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The Adderall Diaries: A Memoir of Moods,…

The Adderall Diaries: A Memoir of Moods, Masochism, and Murder

by Stephen Elliott

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Harrowing journey through the author's brutal and painful history and the marks that has left on his present life while covering a murder case that leads even further into the dark side. There are some books that journey way into darkness and yet leave me with a sense of hope...I'm not sure that this one did. Uncomfortable to read, but gripping in its honesty. ( )
  bibleblaster | Jan 23, 2016 |
Can you have a memoir without judgment? More importantly, what is a person without self-judgment like?

Stephen Elliott answers the first two questions to the best of his ability, and it turns out that person is awful, along with their memoir. What use does a list of facts do? Fiction writers are supposed to suspend judgment on others, but who would suspend judgment on themselves, or even worse, think their own actions are justifiable?

I'm not educated enough to diagnose the pathology of Elliott, but the bare confession of culpability towards the end rings false, and the denouement clumsy. Granted this is all subjective, but when Elliott swerves towards the verifiable, he looks even worse. As someone who used to follow ReiserFS (and was shocked when Hans Reiser murdered his ex-wife), Elliott's pontificating about file-systems is borderline-incoherent and utterly useless to boot.

This is a shitty, shitty book filled with lies of omission, and lies of praise in the first few pages of blurbs. Fuck all that. I read through this book so quickly so I wouldn't feel any remorse at a white-hot hatred. ( )
  gregorybrown | Oct 18, 2015 |
Well-written and generally interesting, especially the material surrounding a hi-tech murderer. I found the personal memoir portions too at turns evasive and guarded—and hella tightly controlled—though it did have some effective “my heart laid bare” moments. (I’m not sure how a book can be a memoir AND a diary—and written in present tense, no less). Seems to me the priorities were mixed up: the adderall was the least interesting aspect, and I didn’t find the sell-analysis about his masochism particularly enlightening. On this latter point, I think it was the weakest aspect of the book. He was too willing to let much of his unusual behavior remain mysterious and poetically vague. I think he needed an editor to push him more to take it to the next level (this is where the “diary” element feels like a crutch to lower expectations). And there were a fair number of cheap shot aside comments (cultural, political, social) that struck me as spurious, or, at the very least, exaggerated. These kinds of comments can undermine the credibility of his more personal observations. At times I had to wonder if the author trusts his readers. Should we trust him? I do respect the fact that he questioned the veracity of his own memories, something a lot of memoirists seem to avoid (and part of the reason I prefer fiction). Mostly, I enjoyed the way it was written, but I wanted to like the book more than I was allowed to. I haven’t read anything else by the author, but I would check out his fiction. Perhaps the strictures of non-fiction are what kept him from cutting too deep. ( )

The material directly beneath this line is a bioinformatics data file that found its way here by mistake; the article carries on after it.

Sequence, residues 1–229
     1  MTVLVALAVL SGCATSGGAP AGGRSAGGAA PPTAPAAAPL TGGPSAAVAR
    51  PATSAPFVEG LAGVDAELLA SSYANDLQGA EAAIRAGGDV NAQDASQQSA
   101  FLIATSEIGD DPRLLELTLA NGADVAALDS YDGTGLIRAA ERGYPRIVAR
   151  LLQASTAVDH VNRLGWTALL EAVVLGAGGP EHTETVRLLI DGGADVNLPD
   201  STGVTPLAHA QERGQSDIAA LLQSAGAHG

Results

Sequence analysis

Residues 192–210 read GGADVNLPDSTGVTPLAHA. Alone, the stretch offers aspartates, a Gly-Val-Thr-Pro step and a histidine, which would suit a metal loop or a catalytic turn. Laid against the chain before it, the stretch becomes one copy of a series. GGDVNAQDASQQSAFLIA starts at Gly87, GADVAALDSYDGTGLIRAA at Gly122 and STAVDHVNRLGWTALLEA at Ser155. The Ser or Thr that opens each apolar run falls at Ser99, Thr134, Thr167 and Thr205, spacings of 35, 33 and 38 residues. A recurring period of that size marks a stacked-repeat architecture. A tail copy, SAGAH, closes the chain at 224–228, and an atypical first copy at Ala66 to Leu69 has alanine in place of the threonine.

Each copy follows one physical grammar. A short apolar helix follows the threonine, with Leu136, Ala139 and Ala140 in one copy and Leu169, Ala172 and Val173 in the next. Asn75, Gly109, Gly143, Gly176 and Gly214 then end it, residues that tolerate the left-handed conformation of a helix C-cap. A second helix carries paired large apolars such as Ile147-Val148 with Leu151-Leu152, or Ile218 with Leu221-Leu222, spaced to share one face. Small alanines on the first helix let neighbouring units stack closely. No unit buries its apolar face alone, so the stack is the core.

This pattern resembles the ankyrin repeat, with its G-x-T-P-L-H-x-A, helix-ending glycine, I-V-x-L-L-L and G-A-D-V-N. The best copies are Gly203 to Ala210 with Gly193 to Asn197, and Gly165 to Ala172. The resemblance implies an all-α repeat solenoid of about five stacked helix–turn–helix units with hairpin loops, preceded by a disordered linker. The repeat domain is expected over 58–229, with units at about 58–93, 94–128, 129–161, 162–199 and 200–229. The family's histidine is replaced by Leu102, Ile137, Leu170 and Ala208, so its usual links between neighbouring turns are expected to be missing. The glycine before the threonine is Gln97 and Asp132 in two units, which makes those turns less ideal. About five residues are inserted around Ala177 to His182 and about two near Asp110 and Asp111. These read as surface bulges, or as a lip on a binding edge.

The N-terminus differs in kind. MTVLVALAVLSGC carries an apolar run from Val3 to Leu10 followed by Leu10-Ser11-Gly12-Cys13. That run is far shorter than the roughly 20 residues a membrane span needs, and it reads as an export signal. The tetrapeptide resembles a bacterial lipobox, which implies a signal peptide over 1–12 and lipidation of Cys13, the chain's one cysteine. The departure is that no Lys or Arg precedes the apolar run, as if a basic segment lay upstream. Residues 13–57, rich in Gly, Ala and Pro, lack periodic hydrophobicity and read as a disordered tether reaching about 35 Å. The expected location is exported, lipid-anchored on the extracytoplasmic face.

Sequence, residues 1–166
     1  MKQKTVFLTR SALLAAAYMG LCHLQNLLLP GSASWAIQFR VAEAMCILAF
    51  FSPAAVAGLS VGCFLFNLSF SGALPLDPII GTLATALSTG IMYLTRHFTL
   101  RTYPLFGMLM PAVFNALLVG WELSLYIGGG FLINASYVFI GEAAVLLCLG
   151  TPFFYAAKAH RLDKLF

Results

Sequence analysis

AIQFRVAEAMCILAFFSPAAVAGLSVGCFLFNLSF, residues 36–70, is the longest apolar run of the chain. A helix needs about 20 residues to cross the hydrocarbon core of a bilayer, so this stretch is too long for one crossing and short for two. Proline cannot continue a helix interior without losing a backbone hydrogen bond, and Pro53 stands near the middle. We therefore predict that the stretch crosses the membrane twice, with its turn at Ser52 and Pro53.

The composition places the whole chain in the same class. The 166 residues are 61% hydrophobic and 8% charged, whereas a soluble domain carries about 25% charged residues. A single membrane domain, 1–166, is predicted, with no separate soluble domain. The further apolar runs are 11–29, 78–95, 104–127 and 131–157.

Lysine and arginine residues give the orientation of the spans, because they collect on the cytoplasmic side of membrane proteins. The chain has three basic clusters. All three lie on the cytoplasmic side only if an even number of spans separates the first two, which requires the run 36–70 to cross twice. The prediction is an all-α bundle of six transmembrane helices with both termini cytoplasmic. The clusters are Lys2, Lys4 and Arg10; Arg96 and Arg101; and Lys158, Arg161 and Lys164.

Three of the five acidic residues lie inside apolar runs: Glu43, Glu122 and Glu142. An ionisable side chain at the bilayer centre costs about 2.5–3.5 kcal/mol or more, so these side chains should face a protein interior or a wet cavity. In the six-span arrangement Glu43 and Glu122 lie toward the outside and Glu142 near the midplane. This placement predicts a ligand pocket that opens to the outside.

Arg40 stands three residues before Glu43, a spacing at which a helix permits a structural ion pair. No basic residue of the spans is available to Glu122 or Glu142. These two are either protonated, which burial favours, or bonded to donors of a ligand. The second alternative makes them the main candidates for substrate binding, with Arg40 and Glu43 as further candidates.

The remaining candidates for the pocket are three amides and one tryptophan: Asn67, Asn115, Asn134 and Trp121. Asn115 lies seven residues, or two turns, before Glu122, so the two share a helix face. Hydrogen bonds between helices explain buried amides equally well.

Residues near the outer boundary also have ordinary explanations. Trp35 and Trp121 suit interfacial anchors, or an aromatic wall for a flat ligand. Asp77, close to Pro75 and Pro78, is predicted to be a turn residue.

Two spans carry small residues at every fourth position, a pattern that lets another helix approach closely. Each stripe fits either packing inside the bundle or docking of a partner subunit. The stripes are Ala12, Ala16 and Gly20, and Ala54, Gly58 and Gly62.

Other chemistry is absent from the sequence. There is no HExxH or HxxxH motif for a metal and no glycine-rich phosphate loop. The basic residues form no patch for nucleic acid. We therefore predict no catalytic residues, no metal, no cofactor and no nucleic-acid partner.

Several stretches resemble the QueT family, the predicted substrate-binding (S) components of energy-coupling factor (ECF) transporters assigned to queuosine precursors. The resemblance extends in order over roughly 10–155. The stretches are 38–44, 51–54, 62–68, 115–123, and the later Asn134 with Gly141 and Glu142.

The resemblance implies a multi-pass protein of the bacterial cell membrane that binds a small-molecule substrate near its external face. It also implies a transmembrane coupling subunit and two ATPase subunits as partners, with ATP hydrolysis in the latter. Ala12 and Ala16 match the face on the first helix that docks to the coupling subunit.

Carl_Hayes | Mar 30, 2013 |